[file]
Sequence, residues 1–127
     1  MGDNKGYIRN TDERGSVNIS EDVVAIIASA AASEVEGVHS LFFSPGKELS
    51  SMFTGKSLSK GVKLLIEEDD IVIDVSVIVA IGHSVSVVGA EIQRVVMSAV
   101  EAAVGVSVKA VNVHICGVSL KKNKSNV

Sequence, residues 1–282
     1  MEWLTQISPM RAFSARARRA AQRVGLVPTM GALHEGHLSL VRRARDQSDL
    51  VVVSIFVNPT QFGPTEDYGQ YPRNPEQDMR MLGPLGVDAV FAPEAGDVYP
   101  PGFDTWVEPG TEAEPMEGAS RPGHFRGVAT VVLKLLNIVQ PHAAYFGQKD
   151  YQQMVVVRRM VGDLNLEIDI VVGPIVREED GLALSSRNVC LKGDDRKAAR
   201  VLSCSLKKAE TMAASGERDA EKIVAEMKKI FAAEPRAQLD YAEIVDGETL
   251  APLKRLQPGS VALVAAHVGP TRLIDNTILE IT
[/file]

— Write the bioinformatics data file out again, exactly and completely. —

Sequence, residues 1–127
     1  MGDNKGYIRN TDERGSVNIS EDVVAIIASA AASEVEGVHS LFFSPGKELS
    51  SMFTGKSLSK GVKLLIEEDD IVIDVSVIVA IGHSVSVVGA EIQRVVMSAV
   101  EAAVGVSVKA VNVHICGVSL KKNKSNV

Sequence, residues 1–282
     1  MEWLTQISPM RAFSARARRA AQRVGLVPTM GALHEGHLSL VRRARDQSDL
    51  VVVSIFVNPT QFGPTEDYGQ YPRNPEQDMR MLGPLGVDAV FAPEAGDVYP
   101  PGFDTWVEPG TEAEPMEGAS RPGHFRGVAT VVLKLLNIVQ PHAAYFGQKD
   151  YQQMVVVRRM VGDLNLEIDI VVGPIVREED GLALSSRNVC LKGDDRKAAR
   201  VLSCSLKKAE TMAASGERDA EKIVAEMKKI FAAEPRAQLD YAEIVDGETL
   251  APLKRLQPGS VALVAAHVGP TRLIDNTILE IT